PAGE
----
Scalarama, the unofficial month of cinema: Film in unusual venues

Jon Whiteley
Still from martial arts fight

We pick out our highlights of Manchester’s Scalarama programme – from contemporary schlock to martial arts epics.

This September, Scalarama is coming to Manchester, with screens popping up all over the city. What started as a month-long festival of cult cinema in London has grown over the years to take in the whole of the UK – and even some international locations, with temporary cinemas appearing in Europe, Stateside and Africa.

There’s plenty to see at all kinds of unusual venues across the city: Oxford Road gallery the Whitworth is playing host to early martial arts epic Dragon Inn. Released originally in 1967, this is a rare public screening following a fresh restoration for last year’s Cannes Film Festival and is an absolute must-see for cinephiles.

The Whitworth is playing host to early martial arts epic Dragon Inn

Away from high art and high ceilings, nautical-themed basement bar Hold Fast is hosting one of the schlockiest screenings in Manchester, in the shape of 1989 gore-fest Death Spa. It’s also one of the festival’s few free screenings. Northern Quarter cocktail joint Apotheca brings home some more contemporary schlock with the UK premiere of creature feature Mutantis.

On the artsier side, the University of Salford’s Digital Performance Lab is holding I Love the Nightlife; a full evening of queer cinema including director Q&As and a networking breaks. The basement of Princess Street’s Joshua Brooks screens a series of arthouse double bills throughout the month and contemporary underground cinema gets a look-in at Affleck’s micro-theatre 3MT, which holds a night of indie shorts on 30 September.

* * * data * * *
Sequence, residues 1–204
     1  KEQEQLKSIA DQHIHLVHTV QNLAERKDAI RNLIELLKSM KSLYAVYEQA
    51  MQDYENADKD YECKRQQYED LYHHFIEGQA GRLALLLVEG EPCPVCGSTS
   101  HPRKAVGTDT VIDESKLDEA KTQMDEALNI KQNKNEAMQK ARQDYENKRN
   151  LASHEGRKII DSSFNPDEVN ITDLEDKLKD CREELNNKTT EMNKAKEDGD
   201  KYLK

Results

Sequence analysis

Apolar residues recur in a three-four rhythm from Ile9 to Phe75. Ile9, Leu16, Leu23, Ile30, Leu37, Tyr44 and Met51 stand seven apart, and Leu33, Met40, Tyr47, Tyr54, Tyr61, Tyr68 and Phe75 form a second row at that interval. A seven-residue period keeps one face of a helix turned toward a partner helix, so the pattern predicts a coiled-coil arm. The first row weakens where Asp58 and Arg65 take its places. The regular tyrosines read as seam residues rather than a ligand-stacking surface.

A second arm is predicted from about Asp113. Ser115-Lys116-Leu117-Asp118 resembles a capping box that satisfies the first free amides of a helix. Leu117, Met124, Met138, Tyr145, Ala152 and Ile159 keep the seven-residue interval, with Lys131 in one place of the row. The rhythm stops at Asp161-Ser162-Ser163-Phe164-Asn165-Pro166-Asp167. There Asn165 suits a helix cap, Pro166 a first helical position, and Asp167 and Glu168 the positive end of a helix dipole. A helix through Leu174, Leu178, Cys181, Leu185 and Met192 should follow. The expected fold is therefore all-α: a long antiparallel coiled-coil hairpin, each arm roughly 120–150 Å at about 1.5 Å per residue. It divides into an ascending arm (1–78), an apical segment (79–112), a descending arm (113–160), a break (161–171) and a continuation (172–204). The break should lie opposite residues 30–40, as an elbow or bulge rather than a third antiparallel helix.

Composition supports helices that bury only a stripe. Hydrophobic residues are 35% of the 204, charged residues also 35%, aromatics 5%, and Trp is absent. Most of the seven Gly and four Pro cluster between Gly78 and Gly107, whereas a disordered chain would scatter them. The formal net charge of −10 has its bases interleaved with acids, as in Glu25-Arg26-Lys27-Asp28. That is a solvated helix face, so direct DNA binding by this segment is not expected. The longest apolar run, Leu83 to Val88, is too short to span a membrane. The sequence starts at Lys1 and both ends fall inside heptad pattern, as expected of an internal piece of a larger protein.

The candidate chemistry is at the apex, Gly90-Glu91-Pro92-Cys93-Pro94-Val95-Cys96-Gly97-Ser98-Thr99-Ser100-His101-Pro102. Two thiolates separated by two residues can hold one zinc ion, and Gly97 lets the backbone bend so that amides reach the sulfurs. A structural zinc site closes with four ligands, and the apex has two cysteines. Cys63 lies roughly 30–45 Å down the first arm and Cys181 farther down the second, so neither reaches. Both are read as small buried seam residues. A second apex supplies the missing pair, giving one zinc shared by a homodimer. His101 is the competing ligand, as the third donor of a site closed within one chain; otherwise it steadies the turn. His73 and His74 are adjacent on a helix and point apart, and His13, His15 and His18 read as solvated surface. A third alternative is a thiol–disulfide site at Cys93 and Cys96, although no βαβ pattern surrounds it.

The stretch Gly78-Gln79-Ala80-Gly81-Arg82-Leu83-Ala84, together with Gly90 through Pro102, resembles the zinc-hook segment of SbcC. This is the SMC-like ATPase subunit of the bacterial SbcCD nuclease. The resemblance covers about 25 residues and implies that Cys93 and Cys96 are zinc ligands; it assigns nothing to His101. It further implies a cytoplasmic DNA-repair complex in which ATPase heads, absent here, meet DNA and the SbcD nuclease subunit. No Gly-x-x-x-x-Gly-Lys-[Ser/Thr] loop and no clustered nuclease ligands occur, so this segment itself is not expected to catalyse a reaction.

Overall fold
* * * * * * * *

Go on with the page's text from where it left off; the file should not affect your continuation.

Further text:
One of the more conventional venues is HOME, heir to the late Cornerhouse’s indie cinema throne. The team here will be screening jazz documentary Ornette: Made in America on 19 September. So if you’ve got a taste for cult, horror or oddball film you’d do well to seek out these clandestine cinemas this Autumn.

Culture Guides

Cinema

Black and white classics and a Tarantino-scripted pop-thriller are amongst our Valentine’s themed picks for February.

Exhibitions

The world of art and exhibitions never quite stops, so we have lots of new shows to look forward to at the start of 2023.

Cardboard Carnival at The Edge

Families

New year, new start, and what better way to welcome in 2023 than by planning and experiencing all sorts of exciting family events in Manchester and the North?

Gwendoline Riley. Photo by Adrian Lourie

Literature

Live literature land welcomes in 2023 with lots lined up in Manchester and beyond, from book launches and bookshop openings to prize-winning poets and award-laden authors sharing their secrets and stories.

Music

More brilliant gigs appear on the horizon as we inch further into 2023.

Theatre in Manchester and the North

Theatre

Queer Contact Festival, stunning physical theatre and intimate in-the-round performance top our eclectic list of drama, comedy and dance this month.

Classical Music

We preview the standout classical music events and venues in Manchester and the north.

Food and Drink

Start 2023 as you mean to go on, with the best restaurants and bars in Manchester and the North.

Tours and Activities

New years are for new experiences, and we have a whole lot of ideas to inspire you as 2023 gets underway.